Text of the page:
Based on these datasets, you can see which knowledge sections get the most hits and enhance those articles. You can also look at which pieces have the most comments and ensure all questions in that article are answered appropriately and effectively.
4. Keep your knowledge up to date
Bear in mind that if you update a product, you must update everything in your KMS relating to that product. That includes:
Purchase locations (if applicable)
The goal of your KMS is to enhance customer satisfaction and make life easier for your buyers and employees. This is difficult to achieve if there are inconsistencies across your knowledge management solution.
Tip: If there are significant changes to the information in your KMS, send out alerts to notify your employees and ensure accurate information across all departments.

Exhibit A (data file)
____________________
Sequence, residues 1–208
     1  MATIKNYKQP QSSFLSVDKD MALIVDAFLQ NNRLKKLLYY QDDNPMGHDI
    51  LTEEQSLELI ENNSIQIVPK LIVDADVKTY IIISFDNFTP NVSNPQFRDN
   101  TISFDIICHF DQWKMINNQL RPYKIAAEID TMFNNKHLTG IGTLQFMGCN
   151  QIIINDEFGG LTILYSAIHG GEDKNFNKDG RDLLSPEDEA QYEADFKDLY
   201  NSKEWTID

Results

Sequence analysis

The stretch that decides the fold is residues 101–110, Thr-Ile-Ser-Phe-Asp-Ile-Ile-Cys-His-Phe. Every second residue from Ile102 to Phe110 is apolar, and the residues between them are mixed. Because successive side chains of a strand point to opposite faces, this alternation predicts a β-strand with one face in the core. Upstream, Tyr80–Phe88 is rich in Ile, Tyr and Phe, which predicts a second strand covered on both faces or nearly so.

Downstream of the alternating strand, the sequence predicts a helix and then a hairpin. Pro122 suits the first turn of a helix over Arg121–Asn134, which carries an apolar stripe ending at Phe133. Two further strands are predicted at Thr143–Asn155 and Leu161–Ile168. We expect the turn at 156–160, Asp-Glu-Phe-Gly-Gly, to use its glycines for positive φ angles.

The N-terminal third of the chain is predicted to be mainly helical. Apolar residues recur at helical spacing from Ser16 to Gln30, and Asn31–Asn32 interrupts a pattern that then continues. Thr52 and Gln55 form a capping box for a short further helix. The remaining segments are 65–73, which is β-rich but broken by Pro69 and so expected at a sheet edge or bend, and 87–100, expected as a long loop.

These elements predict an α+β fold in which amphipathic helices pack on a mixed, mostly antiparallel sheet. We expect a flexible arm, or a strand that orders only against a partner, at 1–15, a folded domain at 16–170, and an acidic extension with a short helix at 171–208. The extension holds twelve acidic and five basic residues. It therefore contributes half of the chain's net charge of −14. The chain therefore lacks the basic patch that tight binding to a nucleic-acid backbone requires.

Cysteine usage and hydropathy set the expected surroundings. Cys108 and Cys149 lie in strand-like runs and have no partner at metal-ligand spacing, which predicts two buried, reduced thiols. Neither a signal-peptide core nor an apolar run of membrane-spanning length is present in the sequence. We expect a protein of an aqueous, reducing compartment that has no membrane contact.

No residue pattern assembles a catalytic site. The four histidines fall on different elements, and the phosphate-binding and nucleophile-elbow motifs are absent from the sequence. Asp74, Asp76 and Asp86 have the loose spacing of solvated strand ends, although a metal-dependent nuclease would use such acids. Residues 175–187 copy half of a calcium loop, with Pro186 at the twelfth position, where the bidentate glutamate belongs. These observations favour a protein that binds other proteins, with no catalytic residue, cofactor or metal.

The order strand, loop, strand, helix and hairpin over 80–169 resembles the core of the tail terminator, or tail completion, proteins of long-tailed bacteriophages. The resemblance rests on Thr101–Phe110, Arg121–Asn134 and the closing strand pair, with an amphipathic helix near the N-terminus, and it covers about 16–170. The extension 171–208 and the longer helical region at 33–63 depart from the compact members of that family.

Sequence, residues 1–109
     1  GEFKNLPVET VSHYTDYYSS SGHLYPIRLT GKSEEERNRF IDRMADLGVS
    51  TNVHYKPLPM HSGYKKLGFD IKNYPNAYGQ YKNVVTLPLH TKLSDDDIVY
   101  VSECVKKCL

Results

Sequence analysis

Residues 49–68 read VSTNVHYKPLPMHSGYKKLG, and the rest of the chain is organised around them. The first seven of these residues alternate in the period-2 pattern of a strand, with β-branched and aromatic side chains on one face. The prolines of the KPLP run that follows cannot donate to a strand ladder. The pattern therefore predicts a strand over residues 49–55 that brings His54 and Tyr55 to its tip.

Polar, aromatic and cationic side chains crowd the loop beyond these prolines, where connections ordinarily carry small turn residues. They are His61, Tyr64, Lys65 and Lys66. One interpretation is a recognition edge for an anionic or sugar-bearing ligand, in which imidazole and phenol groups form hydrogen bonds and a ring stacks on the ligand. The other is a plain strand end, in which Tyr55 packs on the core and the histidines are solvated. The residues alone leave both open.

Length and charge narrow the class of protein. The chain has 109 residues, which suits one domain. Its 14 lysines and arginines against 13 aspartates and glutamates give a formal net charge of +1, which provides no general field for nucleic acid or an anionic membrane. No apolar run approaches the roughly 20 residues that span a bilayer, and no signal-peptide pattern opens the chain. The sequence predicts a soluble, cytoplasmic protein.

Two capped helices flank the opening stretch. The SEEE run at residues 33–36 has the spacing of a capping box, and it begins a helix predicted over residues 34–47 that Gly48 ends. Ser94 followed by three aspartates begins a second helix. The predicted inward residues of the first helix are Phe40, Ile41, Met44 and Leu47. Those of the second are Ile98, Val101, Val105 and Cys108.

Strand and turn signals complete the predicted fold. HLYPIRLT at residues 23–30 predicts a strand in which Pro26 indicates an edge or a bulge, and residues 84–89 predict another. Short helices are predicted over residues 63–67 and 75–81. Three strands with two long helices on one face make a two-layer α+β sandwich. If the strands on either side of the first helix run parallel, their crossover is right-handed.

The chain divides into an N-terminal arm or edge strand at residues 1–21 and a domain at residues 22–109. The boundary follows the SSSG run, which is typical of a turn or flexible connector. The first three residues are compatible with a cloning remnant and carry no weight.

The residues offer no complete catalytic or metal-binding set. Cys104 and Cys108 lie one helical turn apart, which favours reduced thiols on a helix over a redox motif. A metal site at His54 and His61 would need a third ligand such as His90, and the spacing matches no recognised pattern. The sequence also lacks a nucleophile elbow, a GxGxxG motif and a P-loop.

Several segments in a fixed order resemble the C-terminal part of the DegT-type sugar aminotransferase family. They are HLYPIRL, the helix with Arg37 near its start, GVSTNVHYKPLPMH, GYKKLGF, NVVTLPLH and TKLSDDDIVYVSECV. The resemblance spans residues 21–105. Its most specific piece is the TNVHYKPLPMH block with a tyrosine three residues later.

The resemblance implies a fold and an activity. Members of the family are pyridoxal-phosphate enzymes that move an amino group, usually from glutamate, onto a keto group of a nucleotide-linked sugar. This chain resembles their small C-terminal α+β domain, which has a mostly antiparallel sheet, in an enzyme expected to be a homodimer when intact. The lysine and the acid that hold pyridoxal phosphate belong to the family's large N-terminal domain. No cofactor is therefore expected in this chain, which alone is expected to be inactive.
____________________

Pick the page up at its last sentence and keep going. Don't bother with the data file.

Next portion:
5. Integrate it with your other systems
To get the most value of your knowledge management app, make sure it integrates with key software, systems, and tools. For example, ticketing software can integrate with your knowledge base and suggest relevant articles for agents to use in their responses. With Zendesk, we offer pre-built knowledge and content management integrations to make your KMS as efficient and accessible as possible.
Frequently asked questions
How to choose the right knowledge management system
A good knowledge management system enables your team to do more in less time and with fewer resources, integrates with your support systems, and automates self-service—all of which Zendesk excels at. Discover how Zendesk knowledge management software makes information and resources more accessible for you with our free 14-day trial. Your customers and employees will thank you.
Related knowledge management guides
Knowledge management systems can take the form of many tools and systems. Explore more guides that can help you level-up your knowledge sharing.